Story by George Sanzila
Windhoek – Speaker of the National Assembly, Hon. Prof. Peter Katjavivi says even though Namibia’s contribution to greenhouse gas emissions is negligible, it continues to bear the brunt of climate change.
Hon. Katjavivi mentioned this recently during a debate at the ongoing Inter Parliamentary Union (IPU) 144th Assembly taking place in Bali, Indonesia. This year’s assembly is held under the theme “Getting to zero: Mobilising Parliaments to act on climate change”.
According to Katjavivi, Namibia continues to be negatively impacted by the effects of climate change despite its low carbon footprint.
“Namibia does not contribute significant amounts of greenhouse gasses to global emissions. However, our population is negatively impacted by the emissions of other countries. We have already started to experience the impact of climate change with a long period of drought that lasted five to seven years in most regions of the country and increased flooding in some areas this year, as the drought ended,” noted the Speaker.
He added that the calamity has further disrupted the Namibian economy and the livelihood of ordinary people as the majority of citizens heavily rely on agriculture to survive.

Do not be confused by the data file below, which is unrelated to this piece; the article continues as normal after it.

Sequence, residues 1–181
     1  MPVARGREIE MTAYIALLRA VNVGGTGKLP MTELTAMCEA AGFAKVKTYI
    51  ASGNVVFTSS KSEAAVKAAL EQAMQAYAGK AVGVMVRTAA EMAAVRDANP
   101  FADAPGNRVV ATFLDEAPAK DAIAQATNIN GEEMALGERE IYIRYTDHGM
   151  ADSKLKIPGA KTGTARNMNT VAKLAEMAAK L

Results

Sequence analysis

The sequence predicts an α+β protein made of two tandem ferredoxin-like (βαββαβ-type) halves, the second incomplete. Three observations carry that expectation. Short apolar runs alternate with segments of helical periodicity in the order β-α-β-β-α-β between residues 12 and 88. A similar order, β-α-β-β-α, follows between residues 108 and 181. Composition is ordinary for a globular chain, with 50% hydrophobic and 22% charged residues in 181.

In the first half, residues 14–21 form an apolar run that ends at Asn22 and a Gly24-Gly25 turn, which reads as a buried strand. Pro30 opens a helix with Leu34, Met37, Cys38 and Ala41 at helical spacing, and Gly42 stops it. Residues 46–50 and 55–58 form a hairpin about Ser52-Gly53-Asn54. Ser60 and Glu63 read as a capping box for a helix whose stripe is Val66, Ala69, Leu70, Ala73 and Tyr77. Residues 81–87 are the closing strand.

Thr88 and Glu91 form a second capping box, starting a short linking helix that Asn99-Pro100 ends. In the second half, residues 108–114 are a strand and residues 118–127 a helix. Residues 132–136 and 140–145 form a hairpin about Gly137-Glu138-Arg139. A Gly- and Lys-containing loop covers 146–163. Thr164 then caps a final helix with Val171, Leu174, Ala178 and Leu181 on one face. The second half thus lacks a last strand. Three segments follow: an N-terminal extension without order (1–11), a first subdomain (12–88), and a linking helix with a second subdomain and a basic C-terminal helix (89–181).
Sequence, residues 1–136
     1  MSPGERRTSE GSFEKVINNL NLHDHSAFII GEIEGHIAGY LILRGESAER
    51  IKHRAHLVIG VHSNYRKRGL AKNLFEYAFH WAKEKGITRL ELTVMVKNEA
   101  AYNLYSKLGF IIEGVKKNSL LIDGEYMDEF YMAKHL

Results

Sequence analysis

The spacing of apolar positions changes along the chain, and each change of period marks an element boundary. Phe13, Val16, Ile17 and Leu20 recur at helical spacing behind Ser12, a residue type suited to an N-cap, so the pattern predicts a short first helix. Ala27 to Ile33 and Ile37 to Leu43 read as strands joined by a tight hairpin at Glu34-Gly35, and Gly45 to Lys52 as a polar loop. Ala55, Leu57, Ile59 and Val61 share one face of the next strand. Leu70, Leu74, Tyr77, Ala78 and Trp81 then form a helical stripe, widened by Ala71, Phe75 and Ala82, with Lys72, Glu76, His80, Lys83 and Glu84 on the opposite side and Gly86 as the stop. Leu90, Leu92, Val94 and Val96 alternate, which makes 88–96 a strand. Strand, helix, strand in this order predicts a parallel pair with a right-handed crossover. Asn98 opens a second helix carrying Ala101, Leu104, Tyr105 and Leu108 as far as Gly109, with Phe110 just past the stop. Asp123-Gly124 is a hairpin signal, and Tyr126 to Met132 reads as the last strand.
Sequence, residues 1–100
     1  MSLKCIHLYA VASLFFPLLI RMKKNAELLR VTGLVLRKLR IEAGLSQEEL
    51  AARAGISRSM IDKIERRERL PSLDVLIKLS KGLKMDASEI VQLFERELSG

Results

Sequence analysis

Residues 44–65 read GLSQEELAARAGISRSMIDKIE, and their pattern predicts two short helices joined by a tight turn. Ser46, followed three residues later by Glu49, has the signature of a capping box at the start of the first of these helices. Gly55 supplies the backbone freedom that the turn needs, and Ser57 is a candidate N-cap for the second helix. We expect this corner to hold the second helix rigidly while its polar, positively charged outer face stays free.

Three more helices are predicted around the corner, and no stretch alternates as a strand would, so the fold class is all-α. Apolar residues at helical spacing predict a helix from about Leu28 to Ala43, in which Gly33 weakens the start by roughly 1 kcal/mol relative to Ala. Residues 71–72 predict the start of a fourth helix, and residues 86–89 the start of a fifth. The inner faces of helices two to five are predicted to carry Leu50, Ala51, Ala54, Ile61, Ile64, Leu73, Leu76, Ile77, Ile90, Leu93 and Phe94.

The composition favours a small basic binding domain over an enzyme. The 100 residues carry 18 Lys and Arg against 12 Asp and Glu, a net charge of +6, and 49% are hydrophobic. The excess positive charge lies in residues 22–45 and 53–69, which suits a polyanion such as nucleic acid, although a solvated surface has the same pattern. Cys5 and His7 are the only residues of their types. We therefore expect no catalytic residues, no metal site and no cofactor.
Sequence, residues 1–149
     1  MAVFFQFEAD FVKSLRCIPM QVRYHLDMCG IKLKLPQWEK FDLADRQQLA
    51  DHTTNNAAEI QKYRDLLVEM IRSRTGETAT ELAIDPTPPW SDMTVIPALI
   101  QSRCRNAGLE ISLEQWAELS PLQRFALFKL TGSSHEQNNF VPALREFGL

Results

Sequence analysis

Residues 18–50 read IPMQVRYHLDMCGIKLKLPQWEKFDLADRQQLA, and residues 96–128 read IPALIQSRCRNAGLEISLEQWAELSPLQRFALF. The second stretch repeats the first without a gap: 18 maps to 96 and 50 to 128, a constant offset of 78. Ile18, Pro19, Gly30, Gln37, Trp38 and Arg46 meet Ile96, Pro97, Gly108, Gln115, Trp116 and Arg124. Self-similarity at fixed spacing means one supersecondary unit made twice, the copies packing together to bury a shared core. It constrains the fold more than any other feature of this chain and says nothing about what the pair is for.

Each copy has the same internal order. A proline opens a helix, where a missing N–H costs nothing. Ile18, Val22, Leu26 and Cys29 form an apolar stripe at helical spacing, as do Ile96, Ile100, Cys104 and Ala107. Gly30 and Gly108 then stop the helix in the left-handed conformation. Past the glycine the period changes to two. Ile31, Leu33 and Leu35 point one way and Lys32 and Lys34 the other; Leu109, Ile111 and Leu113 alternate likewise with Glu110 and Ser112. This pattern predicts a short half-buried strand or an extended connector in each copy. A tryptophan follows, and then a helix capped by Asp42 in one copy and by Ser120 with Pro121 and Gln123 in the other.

“It is estimated that the mean annual temperatures in Namibia will sill increase further in the next decades and that annual rainfall will decrease. The impact is mostly felt in the agriculture sector as Namibia exports beef to Europe, Asia and lately the USA. This sector is threatened by climate change. Furthermore, the majority of Namibians rely on rain fed agriculture and livestock production and are thus extremely vulnerable,” said Hon. Katjavivi.
Hon. Katjavivi pleaded for close collaborations between countries and for a multi sectoral approach that would result in strategies aimed at resolving the crisis.
“I would like to emphasize the need for countries to work in partnership with each other towards developing strategies that reduce vulnerability to climate change and improve adaptive capacities. Our policies need to ensure the participation of women, children and other vulnerable groups and offer training and appropriate local knowledge for adaptation,” said the Speaker who is also accompanied by two members of the Namibian Children’s Parliament.
The Speaker further noted that Namibia had its own legal framework, known as the National Climate Change Policy, that is regularly reviewed and aimed at addressing issues of climate change.
He added that another strategy to reduce the effects of climate change is the recently introduced Green Hydrogen initiative by President Hage Geingob, that is meant to reduce the country’s reliance on non-renewable energy sources.
The IPU Assembly is a global organisation of parliaments that brings together lawmakers to identify international challenges and make recommendations for action.